This is the most comfortable dress ever – it seriously just feels like wearing a t-shirt. It’s the perfect easy outfit for hot and humid days. I’ll be wearing this dress a lot this summer, and I’ll definitely be making a couple more as well! With tights and boots, I think this pattern will also transition really well into fall.

Are you a Seamwork subscriber? A shift dress fan? Do you know where I can buy all the bamboo? Let me know!

<3 Lindsay

Silk Belladone

Silk Belladone

Back to the beginning! Deer & Doe’s Belladone Dress was the first indie pattern I ever picked up, and I used it to make my wedding dress back in 2013. Ever since, it’s been in the back of my mind to use the pattern again to make a simpler daytime dress. So that was the idea when I pulled the pattern back out, but somehow it morphed into something a bit more silky and fancy than originally planned!

The thing was, I needed a dress for a wedding rehearsal dinner I was attending… aaaand I had this beautiful silk twill in my stash from my recent trip to Paris. Then I had the idea to add some contrast flat piping at the waistband and back cut-out, and this dress’s fate was sealed. I’ll get to you one day, casual Belladone!

Silk Belladone

Silk Belladone

Silk Belladone

I made the flat piping and bias binding from a bit of royal blue poly satin. Originally I had the bias binding showing around the neckline and armholes, but it looked kind of off. Too sporty or something. So I flipped it to the inside instead and tried stitching it down by machine. That didn’t look good either, so I unpicked it and stitched it down by hand instead. It took forever, but it definitely looks better this way, even if there is still a bit of puckering. This silk fabric is pretty unforgiving.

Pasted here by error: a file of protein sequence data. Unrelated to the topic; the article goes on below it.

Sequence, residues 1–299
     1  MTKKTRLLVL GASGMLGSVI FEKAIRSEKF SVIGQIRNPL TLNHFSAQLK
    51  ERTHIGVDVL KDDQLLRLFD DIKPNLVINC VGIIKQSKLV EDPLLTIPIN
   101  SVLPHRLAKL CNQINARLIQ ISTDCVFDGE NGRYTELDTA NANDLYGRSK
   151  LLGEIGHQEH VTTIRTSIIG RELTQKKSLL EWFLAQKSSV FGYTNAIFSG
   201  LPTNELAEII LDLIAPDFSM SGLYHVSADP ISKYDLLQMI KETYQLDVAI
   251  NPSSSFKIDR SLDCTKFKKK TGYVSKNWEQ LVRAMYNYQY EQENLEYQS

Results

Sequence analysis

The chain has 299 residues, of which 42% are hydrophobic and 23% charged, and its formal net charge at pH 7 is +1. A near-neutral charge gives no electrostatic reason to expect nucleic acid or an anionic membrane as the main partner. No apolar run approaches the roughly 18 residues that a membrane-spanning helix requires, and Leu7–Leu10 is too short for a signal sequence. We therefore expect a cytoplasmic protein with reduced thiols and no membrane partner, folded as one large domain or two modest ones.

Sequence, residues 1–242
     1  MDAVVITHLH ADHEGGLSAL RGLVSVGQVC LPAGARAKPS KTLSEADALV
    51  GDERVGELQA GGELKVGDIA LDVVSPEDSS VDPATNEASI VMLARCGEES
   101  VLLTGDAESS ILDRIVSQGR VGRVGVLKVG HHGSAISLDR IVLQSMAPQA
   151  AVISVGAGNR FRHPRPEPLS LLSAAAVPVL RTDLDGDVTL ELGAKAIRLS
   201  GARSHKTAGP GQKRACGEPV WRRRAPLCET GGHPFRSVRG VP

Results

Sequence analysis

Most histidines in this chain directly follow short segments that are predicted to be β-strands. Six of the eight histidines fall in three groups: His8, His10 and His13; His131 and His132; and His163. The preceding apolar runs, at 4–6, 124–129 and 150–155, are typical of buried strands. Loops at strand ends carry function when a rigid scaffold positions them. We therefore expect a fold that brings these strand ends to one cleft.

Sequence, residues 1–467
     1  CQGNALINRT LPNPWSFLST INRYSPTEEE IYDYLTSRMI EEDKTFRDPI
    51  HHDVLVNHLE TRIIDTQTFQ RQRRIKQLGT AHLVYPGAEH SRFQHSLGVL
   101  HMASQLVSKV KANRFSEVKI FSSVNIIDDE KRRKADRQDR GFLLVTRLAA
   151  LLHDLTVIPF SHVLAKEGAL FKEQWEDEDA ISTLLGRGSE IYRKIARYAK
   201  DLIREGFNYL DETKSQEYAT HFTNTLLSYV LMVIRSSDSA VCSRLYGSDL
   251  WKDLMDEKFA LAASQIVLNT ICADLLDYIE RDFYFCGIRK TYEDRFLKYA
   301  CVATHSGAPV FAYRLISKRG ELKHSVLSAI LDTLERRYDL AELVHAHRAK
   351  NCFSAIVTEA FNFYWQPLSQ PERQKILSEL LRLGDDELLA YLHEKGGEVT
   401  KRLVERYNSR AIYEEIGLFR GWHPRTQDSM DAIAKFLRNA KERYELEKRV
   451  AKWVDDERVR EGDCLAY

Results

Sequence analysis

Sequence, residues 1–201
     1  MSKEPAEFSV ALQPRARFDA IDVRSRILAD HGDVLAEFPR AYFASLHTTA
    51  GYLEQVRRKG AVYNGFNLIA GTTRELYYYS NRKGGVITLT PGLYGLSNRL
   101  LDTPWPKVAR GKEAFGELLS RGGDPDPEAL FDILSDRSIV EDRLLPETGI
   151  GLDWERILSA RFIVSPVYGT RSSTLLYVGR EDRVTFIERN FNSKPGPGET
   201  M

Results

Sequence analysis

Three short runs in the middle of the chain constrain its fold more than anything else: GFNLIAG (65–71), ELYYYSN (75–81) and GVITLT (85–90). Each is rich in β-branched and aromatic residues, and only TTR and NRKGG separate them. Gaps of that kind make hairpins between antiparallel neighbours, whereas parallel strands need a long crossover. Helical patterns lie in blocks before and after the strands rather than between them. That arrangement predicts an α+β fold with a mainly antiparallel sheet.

I made the same size as my last Belladone, 34 graded to 36 at the waist. I omitted the hem facing, and just did a small double turned hem instead. The only other change I made was to the upper back bodice. My last Belladone tended to gape a bit so I made the easy alteration detailed by Lauren here. Basically you just slash up the middle of the pattern piece and overlap by however much you need to take out – I did 1/4″.

Silk Belladone

Silk Belladone

Silk Belladone

This was my first experience sewing with 100% silk fabric. I was expecting it to be shifty and difficult, but it really wasn’t too bad. It’s actually a bit easier than sewing with rayon bemberg, which I’ve done quite a few times for linings. This is dangerous knowledge though, because now I’m going to want to make everything out of silk! It’s so lovely and floaty to wear. I at least need to make a few silk camisoles to help keep me cool in the summer humidity. Any pattern recommendations?

Silk Belladone

Silk Belladone

Silk Belladone

Silk Belladone

I’ve been on a bit of a dress-making kick – four in May and already two in June! It’s a fun change from the basics and separates I’ve been making a lot of lately. I do need some shorts pretty desperately though, so that’s next on my list!

<3 Lindsay